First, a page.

Last modified: 2010-11-12 by rick wyatt
Keywords: coquille | oregon | native american |
Links: FOTW homepage | search | disclaimer and copyright | write us | mirrors
image by Donald Healy, 2 January 2008
map image by Peter Orenski based on input from Don Healy
Coquille - Oregon
A white flag with the tribal seal in maroon or wine red flies over the Mill Casino and over the headquarters of the 650-strong Coquille Indian Nation of Coos Bay, in southwest Oregon. (Don Macnaughtan, Lost and Found Heritage: Recovering American Indian Tradition at the Coquille Tribal Library, Bandon, Oregon, New Zealand Libraries, Vol. 48, #1, 11-14; March 1995.)
The Coquille have lived in the same general vicinity for more than 6,000 years. In the 19th century they were ravaged by malaria, smallpox, and an invasion of gold miners in the 1850s that reduced their population from 8,000 to a few hundred scattered survivors. Although declared extinct in 1954, the Coquille were granted federal recognition in 1989. Since then, they have re-emerged as a vital and thriving community and an economic asset to the Coos Bay region of Oregon, becoming a major employer in an area devastated by a decline in the timber industry.
© Donald Healy 2008
The flag of this now-thriving Nation dates from the early 1980s, according to the Dene-Miluk Cultural Center Library. Dene is the traditional name employed by the Athapaskan people; the Navajo, for example, continue to call themselves Dene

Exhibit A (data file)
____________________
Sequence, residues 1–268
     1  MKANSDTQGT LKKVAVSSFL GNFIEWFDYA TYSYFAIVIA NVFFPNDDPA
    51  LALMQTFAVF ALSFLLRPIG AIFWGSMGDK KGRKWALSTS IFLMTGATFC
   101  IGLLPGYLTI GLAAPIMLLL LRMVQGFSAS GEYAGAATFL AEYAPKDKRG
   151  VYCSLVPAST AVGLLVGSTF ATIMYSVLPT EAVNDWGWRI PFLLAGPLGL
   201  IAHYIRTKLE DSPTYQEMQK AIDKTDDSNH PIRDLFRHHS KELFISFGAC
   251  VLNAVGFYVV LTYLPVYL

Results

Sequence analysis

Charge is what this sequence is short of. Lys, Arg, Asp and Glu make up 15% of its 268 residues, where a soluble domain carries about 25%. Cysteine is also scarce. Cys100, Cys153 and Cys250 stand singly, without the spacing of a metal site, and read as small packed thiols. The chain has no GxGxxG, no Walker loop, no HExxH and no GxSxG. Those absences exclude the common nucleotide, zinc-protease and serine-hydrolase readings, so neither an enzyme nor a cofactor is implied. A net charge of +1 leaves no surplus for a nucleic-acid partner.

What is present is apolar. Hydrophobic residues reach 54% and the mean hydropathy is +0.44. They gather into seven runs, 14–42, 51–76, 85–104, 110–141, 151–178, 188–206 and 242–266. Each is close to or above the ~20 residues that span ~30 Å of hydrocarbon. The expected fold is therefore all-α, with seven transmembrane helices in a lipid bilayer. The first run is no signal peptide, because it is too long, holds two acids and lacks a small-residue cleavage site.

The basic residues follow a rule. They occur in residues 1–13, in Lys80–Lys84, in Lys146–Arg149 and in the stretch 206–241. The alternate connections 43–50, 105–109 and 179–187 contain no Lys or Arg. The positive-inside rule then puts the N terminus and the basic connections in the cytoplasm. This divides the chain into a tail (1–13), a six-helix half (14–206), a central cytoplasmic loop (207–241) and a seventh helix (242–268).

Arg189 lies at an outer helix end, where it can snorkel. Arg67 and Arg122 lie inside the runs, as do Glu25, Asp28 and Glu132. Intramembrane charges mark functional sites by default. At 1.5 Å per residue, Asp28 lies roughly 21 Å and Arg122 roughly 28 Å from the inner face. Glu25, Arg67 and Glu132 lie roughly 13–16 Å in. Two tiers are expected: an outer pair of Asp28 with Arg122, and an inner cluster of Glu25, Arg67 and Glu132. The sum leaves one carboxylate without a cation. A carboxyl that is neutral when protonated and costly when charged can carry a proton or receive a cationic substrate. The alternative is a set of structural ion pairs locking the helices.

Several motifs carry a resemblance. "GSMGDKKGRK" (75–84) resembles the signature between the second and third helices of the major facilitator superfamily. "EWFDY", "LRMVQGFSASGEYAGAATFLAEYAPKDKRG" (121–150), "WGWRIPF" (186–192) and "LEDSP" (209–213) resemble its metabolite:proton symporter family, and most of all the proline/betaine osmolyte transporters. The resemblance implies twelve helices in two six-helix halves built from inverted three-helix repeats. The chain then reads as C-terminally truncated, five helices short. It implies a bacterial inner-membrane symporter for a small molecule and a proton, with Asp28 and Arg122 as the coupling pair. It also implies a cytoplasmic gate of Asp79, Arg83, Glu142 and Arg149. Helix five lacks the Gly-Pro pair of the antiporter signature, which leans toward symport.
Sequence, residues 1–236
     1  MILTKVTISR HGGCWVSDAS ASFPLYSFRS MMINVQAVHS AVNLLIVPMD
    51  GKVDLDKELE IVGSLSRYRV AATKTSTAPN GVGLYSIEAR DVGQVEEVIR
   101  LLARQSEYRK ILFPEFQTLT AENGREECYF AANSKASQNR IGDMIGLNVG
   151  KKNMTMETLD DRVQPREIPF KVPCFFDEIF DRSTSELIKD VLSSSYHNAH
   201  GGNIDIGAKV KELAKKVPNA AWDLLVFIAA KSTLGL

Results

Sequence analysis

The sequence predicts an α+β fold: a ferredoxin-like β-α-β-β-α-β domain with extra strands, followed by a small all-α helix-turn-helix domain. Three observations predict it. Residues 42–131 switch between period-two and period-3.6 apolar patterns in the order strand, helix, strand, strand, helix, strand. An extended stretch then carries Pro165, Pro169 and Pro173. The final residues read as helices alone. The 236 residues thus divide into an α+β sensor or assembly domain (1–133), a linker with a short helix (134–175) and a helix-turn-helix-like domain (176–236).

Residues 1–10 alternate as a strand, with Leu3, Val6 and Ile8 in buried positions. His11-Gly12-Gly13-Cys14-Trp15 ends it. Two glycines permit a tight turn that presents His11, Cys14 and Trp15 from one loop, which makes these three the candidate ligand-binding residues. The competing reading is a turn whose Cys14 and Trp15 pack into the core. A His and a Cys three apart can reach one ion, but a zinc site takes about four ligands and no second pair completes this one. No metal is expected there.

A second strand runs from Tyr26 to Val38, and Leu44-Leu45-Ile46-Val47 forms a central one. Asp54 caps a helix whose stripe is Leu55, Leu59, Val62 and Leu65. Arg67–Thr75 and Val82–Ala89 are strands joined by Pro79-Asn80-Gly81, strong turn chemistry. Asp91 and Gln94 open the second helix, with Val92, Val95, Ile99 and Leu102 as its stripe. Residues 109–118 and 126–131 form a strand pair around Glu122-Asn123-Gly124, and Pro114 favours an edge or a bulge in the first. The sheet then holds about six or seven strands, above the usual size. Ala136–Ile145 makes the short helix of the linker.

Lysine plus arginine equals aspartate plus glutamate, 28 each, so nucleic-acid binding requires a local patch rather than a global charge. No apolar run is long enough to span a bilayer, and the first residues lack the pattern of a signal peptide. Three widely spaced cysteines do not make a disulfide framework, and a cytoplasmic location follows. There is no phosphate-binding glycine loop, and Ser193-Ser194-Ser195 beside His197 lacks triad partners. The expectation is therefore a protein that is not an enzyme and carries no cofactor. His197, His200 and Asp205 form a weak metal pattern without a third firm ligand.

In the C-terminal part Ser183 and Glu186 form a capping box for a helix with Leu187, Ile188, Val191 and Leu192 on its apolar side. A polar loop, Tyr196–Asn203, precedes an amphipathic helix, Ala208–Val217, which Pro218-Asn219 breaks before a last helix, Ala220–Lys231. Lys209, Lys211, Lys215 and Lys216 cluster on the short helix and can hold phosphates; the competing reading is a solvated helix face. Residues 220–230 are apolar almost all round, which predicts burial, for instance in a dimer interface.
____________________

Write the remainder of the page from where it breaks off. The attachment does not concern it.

or "the people"; Miluk is the traditional name for the Coos Bay Indians, the immediate ancestors of the Coquille; and both the Coos Bay and Coquille still employ Dene for themselves.
The maroon seal, on a white background, celebrates the history and culture of the Coquille people. In the center is an Oregon Coast "plank house", the traditional style of Native housing in southwestern Oregon. Behind the house is UmnatL QwLai, "Grandmother Rock", a sacred tribal site at the mouth of the Bandon River. While the rock itself was destroyed by the federal government in the 19th century, the site remains sacred and the rock remains on the seal. A conifer tree to the left of the rock and others behind the house recall the forest and the timber industry which have long been elements in Coquille life. Behind the seal, protruding from the top is a Coquille fishing spear. Fishing has been vital to the Coquille's existence for millennia.
Surrounding the seal are two distinct elements. The first is "COQUILLE INDIAN TRIBE". The second, a distinctive arrangement of large and small triangles, represents the tattoo markings which the people of the southwestern coast of Oregon used to measure the strings of dentalium - the local shell money of the ancient Native population.
[Thanks to Don Macnaughtan, former tribal librarian at the Dene-Miluk Cultural Center Library, for the information contained in this section.]
© Donald Healy 2008
information provided by Peter Orenski, 2 January 2008